Parvovirus B19 (B19V) is transmitted primarily via the respiratory route, however, the mechanism involved remains unknown. B19V targets a restricted receptor expressed in erythroid progenitor cells in the bone marrow. However, B19V shifts the receptor under acidic conditions and targets the widely expressed globoside. The pH-dependent interaction with globoside may allow virus entry through the naturally acidic nasal mucosa. To test this hypothesis, MDCK II cells and well-differentiated human airway epithelial cell (hAEC) cultures were grown on porous membranes and used as models to study the interaction of B19V with the epithelial barrier. Globoside expression was detected in polarized MDCK II cells and the ciliated cell population of well-differentiated hAEC cultures. Under the acidic conditions of the nasal mucosa, virus attachment and transcytosis occurred without productive infection. Neither virus attachment nor transcytosis was observed under neutral pH conditions or in globoside knockout cells, demonstrating the concerted role of globoside and acidic pH in the transcellular transport of B19V. Globoside-dependent virus uptake involved VP2 and occurred by a clathrin-independent pathway that is cholesterol and dynamin-dependent. This study provides mechanistic insight into the transmission of B19V through the respiratory route and reveals novel vulnerability factors of the epithelial barrier to viruses.
PLOS Pathogens, Volume 19; https://doi.org/10.1371/journal.ppat.1011058
Listeria monocytogenes (Lm) is an intracellular foodborne pathogen which causes the severe disease listeriosis in immunocompromised individuals. Macrophages play a dual role during Lm infection by both promoting dissemination of Lm from the gastrointestinal tract and limiting bacterial growth upon immune activation. Despite the relevance of macrophages to Lm infection, the mechanisms underlying phagocytosis of Lm by macrophages are not well understood. To identify host factors important for Lm infection of macrophages, we performed an unbiased CRISPR/Cas9 screen which revealed pathways that are specific to phagocytosis of Lm and those that are required for internalization of bacteria generally. Specifically, we discovered the tumor suppressor PTEN promotes macrophage phagocytosis of Lm and L. ivanovii, but not other Gram-positive bacteria. Additionally, we found that PTEN enhances phagocytosis of Lm via its lipid phosphatase activity by promoting adherence to macrophages. Using conditional knockout mice lacking Pten in myeloid cells, we show that PTEN-dependent phagocytosis is important for host protection during oral Lm infection. Overall, this study provides a comprehensive identification of macrophage factors involved in regulating Lm uptake and characterizes the function of one factor, PTEN, during Lm infection in vitro and in vivo. Importantly, these results demonstrate a role for opsonin-independent phagocytosis in Lm pathogenesis and suggest that macrophages play a primarily protective role during foodborne listeriosis.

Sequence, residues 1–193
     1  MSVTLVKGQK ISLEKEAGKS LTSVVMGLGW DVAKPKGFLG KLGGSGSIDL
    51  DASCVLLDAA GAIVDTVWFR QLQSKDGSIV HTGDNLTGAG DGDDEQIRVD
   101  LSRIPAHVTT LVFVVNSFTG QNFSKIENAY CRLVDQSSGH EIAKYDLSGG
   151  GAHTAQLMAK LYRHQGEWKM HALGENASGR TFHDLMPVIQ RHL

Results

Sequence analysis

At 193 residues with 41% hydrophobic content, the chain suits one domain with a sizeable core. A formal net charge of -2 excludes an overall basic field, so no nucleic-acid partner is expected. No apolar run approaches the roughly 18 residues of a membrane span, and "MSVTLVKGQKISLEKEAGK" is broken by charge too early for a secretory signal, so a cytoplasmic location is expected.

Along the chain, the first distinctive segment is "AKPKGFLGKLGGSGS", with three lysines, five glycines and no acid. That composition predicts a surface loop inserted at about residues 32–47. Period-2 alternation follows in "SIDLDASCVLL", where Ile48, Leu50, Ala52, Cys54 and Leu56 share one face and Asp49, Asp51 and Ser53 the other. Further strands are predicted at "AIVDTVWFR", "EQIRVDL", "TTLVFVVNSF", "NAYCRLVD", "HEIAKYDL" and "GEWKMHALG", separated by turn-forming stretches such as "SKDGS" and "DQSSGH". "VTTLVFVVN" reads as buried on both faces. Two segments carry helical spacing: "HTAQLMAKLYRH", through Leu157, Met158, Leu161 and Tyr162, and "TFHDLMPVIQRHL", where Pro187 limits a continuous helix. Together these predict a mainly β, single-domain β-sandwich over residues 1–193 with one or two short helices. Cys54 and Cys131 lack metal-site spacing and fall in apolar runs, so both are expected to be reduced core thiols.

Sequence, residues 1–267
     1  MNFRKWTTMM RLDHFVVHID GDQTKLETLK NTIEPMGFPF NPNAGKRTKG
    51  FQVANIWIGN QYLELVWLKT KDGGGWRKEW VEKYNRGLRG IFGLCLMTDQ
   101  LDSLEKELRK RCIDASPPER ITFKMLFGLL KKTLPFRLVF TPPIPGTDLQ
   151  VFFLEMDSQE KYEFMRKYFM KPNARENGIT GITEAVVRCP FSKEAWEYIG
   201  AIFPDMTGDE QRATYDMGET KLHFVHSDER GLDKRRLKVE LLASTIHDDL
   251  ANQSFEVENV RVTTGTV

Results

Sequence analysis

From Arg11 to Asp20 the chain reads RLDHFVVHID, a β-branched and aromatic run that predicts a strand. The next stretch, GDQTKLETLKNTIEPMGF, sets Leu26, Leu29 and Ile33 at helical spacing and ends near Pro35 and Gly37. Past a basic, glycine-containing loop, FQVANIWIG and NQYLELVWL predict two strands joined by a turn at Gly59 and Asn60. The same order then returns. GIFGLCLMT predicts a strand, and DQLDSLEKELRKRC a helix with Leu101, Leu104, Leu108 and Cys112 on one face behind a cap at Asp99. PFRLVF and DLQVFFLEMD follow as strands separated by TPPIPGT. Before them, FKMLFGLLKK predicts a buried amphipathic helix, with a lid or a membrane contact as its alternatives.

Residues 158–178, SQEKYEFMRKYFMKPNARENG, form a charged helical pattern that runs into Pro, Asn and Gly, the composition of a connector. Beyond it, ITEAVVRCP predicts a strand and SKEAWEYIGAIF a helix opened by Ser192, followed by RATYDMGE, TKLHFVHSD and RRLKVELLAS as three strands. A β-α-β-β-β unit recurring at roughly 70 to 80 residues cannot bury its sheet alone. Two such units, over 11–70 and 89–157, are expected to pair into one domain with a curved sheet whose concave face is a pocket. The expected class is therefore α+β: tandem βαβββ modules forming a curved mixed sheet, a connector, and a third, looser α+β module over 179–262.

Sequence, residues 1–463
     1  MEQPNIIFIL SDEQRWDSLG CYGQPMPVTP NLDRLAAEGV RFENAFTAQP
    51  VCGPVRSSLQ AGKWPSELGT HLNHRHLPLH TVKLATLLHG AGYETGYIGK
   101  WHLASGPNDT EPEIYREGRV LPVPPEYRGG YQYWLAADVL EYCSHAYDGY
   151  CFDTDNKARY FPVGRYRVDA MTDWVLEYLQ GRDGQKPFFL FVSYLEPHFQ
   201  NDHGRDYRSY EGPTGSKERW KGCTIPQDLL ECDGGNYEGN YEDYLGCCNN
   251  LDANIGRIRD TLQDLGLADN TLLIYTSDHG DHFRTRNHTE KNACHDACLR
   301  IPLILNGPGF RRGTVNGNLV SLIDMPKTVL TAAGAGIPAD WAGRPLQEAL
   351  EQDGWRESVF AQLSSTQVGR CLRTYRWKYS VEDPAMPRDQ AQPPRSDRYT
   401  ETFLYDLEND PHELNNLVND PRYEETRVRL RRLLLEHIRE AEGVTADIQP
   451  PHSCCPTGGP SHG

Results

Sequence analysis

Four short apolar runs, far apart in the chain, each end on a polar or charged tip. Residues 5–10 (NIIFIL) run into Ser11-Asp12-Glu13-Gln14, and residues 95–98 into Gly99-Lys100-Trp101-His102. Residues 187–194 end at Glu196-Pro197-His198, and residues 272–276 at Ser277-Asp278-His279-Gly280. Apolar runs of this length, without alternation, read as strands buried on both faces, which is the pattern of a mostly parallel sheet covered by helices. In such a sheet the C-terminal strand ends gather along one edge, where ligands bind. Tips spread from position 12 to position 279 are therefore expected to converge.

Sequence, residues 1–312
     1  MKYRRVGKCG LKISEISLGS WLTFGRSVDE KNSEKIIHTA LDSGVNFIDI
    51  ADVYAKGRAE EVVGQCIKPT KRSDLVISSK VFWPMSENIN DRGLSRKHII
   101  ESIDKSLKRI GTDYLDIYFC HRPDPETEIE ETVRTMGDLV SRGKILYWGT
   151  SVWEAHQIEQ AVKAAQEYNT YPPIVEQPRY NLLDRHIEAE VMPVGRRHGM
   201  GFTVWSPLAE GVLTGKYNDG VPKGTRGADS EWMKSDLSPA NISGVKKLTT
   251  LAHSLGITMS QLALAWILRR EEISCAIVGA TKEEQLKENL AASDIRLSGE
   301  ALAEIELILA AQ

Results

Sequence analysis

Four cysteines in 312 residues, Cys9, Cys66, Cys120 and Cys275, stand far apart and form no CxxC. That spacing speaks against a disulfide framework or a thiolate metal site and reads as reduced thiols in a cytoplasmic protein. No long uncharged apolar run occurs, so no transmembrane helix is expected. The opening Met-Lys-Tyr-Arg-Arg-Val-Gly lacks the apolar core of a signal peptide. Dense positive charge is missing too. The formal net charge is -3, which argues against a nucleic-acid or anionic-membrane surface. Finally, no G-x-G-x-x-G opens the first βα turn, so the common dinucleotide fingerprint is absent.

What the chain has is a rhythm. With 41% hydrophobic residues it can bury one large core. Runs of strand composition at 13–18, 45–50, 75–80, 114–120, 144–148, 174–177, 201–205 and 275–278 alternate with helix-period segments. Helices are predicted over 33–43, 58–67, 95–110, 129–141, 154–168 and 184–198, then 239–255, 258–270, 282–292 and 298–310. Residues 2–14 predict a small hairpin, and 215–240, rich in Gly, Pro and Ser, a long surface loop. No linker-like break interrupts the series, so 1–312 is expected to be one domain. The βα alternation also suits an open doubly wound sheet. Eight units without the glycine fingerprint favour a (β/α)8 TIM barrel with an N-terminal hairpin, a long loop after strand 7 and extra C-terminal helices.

PLOS Pathogens, Volume 19; https://doi.org/10.1371/journal.ppat.1011044
Interactions between coinfecting pathogens have the potential to alter the course of infection and can act as a source of phenotypic variation in susceptibility between hosts. This phenotypic variation may influence the evolution of host-pathogen interactions within host species and interfere with patterns in the outcomes of infection across host species. Here, we examine experimental coinfections of two Cripaviruses–Cricket Paralysis Virus (CrPV), and Drosophila C Virus (DCV)–across a panel of 25 Drosophila melanogaster inbred lines and 47 Drosophilidae host species. We find that interactions between these viruses alter viral loads across D. melanogaster genotypes, with a ~3 fold increase in the viral load of DCV and a ~2.5 fold decrease in CrPV in coinfection compared to single infection, but we find little evidence of a host genetic basis for these effects. Across host species, we find no evidence of systematic changes in susceptibility during coinfection, with no interaction between DCV and CrPV detected in the majority of host species. These results suggest that phenotypic variation in coinfection interactions within host species can occur independently of natural host genetic variation in susceptibility, and that patterns of susceptibility across host species to single infections can be robust to the added complexity of coinfection.